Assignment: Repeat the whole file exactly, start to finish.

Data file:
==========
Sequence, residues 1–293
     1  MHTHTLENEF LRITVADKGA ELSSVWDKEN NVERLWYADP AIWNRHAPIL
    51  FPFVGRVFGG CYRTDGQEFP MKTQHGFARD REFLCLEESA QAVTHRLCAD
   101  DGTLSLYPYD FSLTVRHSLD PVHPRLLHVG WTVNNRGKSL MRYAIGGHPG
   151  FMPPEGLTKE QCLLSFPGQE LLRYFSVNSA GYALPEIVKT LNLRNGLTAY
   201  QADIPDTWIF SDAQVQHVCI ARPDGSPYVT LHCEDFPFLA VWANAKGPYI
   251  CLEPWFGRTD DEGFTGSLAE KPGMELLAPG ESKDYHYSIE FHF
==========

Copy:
Sequence, residues 1–293
     1  MHTHTLENEF LRITVADKGA ELSSVWDKEN NVERLWYADP AIWNRHAPIL
    51  FPFVGRVFGG CYRTDGQEFP MKTQHGFARD REFLCLEESA QAVTHRLCAD
   101  DGTLSLYPYD FSLTVRHSLD PVHPRLLHVG WTVNNRGKSL MRYAIGGHPG
   151  FMPPEGLTKE QCLLSFPGQE LLRYFSVNSA GYALPEIVKT LNLRNGLTAY
   201  QADIPDTWIF SDAQVQHVCI ARPDGSPYVT LHCEDFPFLA VWANAKGPYI
   251  CLEPWFGRTD DEGFTGSLAE KPGMELLAPG ESKDYHYSIE FHF